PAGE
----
Roll out remaining dough. Cut with a sharp knife into 1/2-inch wide strips. Weave strips into a lattice pattern over apples. Flute edges. Sprinkle remaining crumbs in holes of lattice. Brush pastry edge and strips with beaten egg.

Bake pie on aluminum foil-lined baking sheet in a 450-degree oven for 5 minutes. Reduce oven temperature to 350 degrees; bake 50 to 55 minutes longer.

ORANGE-CRUST PASTRY (Makes 1 double-crust or 2 single-crust pies) 2 1/2 cups all-purpose flour 1/2 teaspoon salt 1/2 cup cold unsalted butter 1/2 cup cold vegetable shortening 1 teaspoon grated orange peel 4 tablespoons cold orange juice

Sift flour with salt into a large bowl. Cut in butter and shortening; add orange peel. Blend with a pastry blender until the texture of coarse crumbs.

Using a fork or knife, cut orange juice into flour mixture to form a soft dough. (Do not overwork.) Refrigerate 1 hour before using.

This recipe makes enough for two 9- or 10-inch single crusts, or one 9- or 10-inch double-crust pie. From "Honest American Fare"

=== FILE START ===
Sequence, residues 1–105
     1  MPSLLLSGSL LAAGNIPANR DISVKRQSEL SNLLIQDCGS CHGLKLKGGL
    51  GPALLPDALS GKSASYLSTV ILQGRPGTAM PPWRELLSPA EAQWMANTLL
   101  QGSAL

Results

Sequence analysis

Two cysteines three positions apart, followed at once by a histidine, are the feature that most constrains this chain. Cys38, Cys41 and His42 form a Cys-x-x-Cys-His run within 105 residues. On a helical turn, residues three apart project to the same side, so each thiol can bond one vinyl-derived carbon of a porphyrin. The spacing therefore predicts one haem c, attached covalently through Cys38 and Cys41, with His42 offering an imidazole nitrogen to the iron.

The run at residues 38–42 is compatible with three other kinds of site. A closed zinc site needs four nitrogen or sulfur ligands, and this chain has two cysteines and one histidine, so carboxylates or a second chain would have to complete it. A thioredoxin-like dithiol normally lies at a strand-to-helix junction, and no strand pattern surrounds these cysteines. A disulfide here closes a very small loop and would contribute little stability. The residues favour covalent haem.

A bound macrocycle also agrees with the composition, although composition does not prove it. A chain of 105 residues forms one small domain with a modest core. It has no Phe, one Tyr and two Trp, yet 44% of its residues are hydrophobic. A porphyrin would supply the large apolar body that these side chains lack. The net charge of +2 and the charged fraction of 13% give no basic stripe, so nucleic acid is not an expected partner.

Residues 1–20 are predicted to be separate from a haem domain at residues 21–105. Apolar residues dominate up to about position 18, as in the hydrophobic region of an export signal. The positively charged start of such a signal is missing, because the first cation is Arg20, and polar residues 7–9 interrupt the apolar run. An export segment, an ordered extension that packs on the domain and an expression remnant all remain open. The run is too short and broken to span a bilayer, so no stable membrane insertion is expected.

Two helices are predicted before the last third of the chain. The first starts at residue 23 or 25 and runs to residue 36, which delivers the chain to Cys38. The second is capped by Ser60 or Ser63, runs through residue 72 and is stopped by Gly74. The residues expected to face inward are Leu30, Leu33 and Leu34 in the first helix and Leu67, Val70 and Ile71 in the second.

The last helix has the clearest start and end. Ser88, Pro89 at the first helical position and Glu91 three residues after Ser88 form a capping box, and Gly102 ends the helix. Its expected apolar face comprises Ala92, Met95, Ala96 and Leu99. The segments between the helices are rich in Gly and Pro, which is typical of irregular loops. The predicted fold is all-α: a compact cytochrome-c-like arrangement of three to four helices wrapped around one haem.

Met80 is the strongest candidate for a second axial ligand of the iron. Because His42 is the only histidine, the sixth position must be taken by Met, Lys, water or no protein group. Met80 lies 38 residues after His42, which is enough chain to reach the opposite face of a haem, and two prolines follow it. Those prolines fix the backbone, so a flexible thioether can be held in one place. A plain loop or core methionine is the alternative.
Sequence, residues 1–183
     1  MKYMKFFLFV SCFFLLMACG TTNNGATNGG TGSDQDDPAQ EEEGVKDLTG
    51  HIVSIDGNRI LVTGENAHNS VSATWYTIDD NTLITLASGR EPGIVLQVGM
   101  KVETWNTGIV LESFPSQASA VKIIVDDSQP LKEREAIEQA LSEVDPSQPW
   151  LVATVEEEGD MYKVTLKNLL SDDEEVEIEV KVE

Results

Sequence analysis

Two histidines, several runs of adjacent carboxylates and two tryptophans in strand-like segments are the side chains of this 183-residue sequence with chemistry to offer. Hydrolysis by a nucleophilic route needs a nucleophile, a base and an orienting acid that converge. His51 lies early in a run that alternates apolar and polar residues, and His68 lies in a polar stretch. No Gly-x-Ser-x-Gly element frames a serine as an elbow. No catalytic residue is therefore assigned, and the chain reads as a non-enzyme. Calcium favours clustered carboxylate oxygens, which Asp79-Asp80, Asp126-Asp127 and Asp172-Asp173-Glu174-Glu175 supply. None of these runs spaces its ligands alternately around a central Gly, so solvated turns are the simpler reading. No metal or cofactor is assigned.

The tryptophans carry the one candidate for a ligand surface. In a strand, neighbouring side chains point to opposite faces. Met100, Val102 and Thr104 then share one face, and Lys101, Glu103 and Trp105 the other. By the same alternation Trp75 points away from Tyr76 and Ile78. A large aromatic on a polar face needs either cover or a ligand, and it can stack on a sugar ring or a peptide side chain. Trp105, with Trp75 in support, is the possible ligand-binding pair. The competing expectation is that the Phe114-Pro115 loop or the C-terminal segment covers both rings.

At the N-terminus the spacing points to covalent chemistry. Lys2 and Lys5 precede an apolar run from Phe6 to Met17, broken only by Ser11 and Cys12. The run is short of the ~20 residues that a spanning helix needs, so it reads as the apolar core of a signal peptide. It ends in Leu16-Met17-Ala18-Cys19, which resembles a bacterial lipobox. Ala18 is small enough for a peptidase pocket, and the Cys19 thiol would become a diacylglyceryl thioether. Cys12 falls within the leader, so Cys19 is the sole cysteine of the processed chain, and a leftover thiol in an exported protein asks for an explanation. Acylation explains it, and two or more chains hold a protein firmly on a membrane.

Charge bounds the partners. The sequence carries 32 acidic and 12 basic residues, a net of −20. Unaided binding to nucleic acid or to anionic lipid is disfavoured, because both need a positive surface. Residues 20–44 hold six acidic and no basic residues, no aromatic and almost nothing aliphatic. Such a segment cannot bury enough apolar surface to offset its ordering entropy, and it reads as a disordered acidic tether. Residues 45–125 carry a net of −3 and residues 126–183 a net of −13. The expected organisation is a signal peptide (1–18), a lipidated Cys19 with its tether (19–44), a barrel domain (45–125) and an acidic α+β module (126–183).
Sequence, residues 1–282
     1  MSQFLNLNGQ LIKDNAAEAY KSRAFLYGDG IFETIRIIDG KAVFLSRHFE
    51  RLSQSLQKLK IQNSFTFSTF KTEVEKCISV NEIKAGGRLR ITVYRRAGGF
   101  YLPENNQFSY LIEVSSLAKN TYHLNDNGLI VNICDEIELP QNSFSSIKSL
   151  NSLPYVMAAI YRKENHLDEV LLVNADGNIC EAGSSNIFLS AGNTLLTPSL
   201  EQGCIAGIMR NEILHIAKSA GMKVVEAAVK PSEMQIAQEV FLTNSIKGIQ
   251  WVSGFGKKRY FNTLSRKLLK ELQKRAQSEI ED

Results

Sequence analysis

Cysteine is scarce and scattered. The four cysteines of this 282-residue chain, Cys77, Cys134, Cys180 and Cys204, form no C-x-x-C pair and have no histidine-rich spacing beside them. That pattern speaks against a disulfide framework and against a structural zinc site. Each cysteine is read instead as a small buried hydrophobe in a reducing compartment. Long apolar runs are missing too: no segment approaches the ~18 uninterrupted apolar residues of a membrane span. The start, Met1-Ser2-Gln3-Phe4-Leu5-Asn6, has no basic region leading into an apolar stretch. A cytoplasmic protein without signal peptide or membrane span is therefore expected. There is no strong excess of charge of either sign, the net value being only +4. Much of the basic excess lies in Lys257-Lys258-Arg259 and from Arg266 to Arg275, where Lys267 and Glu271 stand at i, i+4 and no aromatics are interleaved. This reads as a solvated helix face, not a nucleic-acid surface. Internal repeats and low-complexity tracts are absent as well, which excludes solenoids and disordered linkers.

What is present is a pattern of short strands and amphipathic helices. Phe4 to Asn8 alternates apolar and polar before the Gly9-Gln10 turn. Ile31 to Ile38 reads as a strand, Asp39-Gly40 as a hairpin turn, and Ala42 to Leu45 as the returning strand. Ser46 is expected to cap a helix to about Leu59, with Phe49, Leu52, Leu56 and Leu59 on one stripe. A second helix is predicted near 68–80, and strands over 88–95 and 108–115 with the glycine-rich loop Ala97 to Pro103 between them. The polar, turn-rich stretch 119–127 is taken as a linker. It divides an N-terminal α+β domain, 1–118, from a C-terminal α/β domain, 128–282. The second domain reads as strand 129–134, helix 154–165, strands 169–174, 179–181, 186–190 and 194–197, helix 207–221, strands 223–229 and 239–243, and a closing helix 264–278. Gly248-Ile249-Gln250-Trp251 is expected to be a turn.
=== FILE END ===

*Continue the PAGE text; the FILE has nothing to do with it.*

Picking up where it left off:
PECAN-BREADED CHICKEN BREASTS WITH MUSTARD SAUCE (4 servings) 2 whole chicken breasts, skinned, boned and cut in half Salt and freshly ground pepper 10 tablespoons butter 3 tablespoons dijon mustard 5 to 6 ounces ground pecans 2 tablespoons safflower oil 2/3 cup sour cream

Between 2 pieces of waxed paper, lightly flatten the chicken breasts with a meat pounder. Season the chicken with salt and pepper.

Melt 6 tablespoons butter in a small saucepan over medium heat. Remove from the heat and whisk in 2 tablespoons mustard.

Dip each piece of chicken into the butter and mustard mixture and heavily coat each with the ground pecans by patting them on with your hands.

Melt 4 tablespoons butter in a 12- to 14-inch skillet. Stir in the oil. When hot, saute' as many pieces of chicken at a time as you can without crowding them. Saute' for about 3 minutes on each side. Remove to a baking dish and place in a 200-degree oven to keep warm. Continue cooking the chicken pieces until all are done. (This, of course, can be done in half the time if you have 2 tablespoons of oil in each skillet.)